Sunday, September 24, 2006

Schrödinger’s Ball by Adam Felber

Warning: crappy first draft ahead

You don’t need a Ph.D. to enjoy Adam Felber’s debut novel, Schrödinger’s Ball, but having some understanding about physics will help to get all the jokes. In particular, it helps to know at least about the famous thought experiment of Dr. Erwin Schrödinger, who was competing with Heisenberg to determine what was going on with electrons. Luckily, Felber adds an unscientific history of the scientific debate (read pissing contest) that occurred between the two prominent physicists. After Heisenberg developed what became known as the Uncertainty Principle, Schrödinger created a cat, who was stuck in a box along with a device that will release radiation if anyone checks to see if the cat is dead. So the cat was both alive and dead – and not alive and not dead. Or something like that.

Schrödinger’s Ball starts with the unobserved death of Johnny Felix Decate (while cleaning a gun); at the same time, the president of Montana (yes, he seceded and set up his own country, which essentially included his own property -- on which he was late paying his U.S. taxes). Soon after, we find Johnny hanging with his gang; he’s our cat. Johnny and his friends Grant, Deb, and Arlene are drinking in Cambridge, Massachusetts (home of Harvard). Aside from Johnny’s ability to exist beyond his death, he and his friends have other talents. He may not be the brightest man in the world, but people will follow him. Deb experiences extended orgasms -- a half-hour is not outrageous for this happy woman. But she has no experience in love. Grant is brilliant but socially inept -- especially around Deb, who he quietly loves. Arlene is capable of much love, but is otherwise a killjoy.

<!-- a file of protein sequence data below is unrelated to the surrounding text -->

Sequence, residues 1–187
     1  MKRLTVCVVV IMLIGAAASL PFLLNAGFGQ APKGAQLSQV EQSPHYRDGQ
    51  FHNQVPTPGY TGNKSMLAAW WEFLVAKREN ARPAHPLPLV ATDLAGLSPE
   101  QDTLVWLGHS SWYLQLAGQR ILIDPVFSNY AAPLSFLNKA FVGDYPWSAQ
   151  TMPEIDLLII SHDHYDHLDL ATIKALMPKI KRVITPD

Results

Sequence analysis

In addition to defying death, Johnny has virtuoso guitar talents that turn him into a sort of messiah of music, with crowds of worshipping teens following him wherever he and his friends go. And Professor Schrödinger populates the streets of Cambridge as well, even though he died in 1961. Or is it Schrödinger? Does he always leave you with the check? And where are those cat meows coming from?

In a sense, the story is surprisingly predictable, in that you soon know that Grant will get the girl of his dreams (Deb). You’re pretty certain that neither Johnny nor Schrödinger are actually alive. But there are enough twists and turns and goofy secondary characters to keep those pages turning. (If no one sees you read, are you actually learning anything?)

This book will appeal to anyone who enjoys a goofy tale. And despite my comment about its predictability, it is also unconventional and its resolutions uncertain. Get your electrons moving and check it out.

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